The Texas Legislature recently passed what the Supreme Court describes as an “unprecedented” statutory scheme. Texas’s new law allows private, everyday citizens to sue anyone who assists a woman in obtaining an abortion after her sixth week of pregnancy. It’s clear that Texas chose this unusual enforcement mechanism to try to circumvent the Constitution’s “state action” requirement. Before a plaintiff can challenge a policy or action on constitutional grounds, they must show that the government somehow had a hand in causing their harm. But this Texas law strips the government of its enforcement power and instead gives it to everyday citizens, thereby allowing the law’s defenders to argue that the law does not trigger constitutional protections.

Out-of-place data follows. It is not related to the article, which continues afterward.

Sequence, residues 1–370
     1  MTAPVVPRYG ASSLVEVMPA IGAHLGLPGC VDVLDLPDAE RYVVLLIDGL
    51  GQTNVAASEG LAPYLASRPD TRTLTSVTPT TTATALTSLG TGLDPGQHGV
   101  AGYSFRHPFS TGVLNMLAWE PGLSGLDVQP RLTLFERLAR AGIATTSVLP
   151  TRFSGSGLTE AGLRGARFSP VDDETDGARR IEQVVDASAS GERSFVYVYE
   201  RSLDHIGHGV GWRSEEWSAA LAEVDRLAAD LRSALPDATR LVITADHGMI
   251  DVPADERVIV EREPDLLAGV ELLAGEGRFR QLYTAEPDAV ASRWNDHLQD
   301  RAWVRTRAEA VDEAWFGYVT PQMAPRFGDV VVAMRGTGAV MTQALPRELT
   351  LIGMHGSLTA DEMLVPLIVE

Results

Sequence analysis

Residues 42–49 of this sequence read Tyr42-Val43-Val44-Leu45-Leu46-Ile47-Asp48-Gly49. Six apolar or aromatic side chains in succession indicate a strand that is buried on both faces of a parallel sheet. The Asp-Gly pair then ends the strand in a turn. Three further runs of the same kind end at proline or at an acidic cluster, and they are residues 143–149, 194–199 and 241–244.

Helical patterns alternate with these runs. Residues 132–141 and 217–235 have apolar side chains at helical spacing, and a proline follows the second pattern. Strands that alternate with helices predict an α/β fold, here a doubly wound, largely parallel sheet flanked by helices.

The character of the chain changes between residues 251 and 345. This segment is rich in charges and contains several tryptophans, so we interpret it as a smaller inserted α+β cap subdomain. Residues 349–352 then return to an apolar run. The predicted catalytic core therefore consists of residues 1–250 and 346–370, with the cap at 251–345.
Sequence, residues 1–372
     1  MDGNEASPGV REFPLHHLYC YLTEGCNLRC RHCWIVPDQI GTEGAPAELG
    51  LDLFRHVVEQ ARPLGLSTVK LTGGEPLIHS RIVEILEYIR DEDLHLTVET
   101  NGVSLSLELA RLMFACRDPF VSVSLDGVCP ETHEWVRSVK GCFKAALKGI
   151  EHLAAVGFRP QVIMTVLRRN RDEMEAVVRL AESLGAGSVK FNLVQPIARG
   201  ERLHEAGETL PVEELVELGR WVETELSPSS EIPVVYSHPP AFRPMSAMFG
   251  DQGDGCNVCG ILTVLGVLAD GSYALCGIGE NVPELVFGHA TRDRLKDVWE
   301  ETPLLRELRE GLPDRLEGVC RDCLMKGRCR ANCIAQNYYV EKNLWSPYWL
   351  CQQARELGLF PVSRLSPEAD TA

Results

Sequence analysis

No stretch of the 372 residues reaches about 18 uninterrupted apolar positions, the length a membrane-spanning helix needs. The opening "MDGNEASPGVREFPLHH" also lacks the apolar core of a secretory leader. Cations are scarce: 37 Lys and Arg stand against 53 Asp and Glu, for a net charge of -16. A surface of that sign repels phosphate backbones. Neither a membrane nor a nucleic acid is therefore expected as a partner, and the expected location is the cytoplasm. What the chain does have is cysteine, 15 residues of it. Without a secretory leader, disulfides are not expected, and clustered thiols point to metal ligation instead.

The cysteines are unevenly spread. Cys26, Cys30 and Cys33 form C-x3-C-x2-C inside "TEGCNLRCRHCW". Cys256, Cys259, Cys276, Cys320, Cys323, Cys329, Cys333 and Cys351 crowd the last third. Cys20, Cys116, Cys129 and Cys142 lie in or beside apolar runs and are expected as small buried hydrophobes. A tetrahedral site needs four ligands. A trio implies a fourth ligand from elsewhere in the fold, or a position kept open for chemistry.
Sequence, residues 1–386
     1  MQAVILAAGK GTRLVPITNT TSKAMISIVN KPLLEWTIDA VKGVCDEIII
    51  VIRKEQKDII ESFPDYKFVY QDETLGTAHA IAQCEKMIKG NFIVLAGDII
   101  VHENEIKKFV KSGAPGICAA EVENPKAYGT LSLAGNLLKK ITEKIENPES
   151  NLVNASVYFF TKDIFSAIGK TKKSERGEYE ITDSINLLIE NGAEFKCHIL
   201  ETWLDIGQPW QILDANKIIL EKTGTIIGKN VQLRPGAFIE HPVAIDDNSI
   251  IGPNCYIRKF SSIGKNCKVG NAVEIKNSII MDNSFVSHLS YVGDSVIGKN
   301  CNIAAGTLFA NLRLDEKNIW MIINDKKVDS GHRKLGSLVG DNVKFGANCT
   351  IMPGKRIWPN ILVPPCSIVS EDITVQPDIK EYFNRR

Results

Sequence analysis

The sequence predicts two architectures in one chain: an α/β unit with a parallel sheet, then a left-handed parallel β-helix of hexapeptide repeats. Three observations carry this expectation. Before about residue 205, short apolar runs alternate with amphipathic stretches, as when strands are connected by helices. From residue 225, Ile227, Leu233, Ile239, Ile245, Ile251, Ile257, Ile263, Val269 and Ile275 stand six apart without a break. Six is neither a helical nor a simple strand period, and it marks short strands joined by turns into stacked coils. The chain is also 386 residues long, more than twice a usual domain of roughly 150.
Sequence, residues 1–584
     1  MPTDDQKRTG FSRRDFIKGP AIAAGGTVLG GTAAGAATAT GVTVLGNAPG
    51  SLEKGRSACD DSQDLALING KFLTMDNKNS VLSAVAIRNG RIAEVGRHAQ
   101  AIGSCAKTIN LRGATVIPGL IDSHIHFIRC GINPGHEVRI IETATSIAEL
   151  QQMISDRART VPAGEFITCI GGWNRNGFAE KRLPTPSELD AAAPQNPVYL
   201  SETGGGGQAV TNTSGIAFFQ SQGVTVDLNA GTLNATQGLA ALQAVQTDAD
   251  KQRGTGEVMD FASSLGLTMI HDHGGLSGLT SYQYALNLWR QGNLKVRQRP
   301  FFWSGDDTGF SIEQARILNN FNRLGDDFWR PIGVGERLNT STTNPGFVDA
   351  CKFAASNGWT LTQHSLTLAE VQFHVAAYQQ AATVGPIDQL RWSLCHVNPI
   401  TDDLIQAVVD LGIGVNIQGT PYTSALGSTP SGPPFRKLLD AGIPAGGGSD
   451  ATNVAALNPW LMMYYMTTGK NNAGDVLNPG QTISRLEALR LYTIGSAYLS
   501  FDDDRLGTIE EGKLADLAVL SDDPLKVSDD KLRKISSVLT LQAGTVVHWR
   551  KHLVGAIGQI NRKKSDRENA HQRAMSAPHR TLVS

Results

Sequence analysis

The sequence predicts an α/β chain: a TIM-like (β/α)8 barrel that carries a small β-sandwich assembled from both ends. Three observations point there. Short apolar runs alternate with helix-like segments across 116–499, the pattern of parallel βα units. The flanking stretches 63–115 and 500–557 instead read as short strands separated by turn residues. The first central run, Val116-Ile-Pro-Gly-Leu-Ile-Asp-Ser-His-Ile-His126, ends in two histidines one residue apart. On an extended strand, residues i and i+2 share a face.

This short article argues that the courts should have little trouble concluding that this law and its unusual enforcement mechanism amount to state action, meaning this law is subject to normal constitutional scrutiny. The Supreme Court’s decisions in Shelley v. Kraemer, Edmonson v. Leesville Concrete Co., and Terry v. Adams make clear that private parties can be considered state actors, especially when they are working with the express approval of the government and when the courts are required to hand down rulings that seemingly infringe on well-settled constitutional protections. These decisions, among others, show that the private-citizen plaintiffs deputized under this new Texas law must be treated as state actors who are subject to constitutional limitations.
Alexander J. Lindvall, Texas, Abortion, and State Action, 74 SMU L. Rev. F. 139 (2021).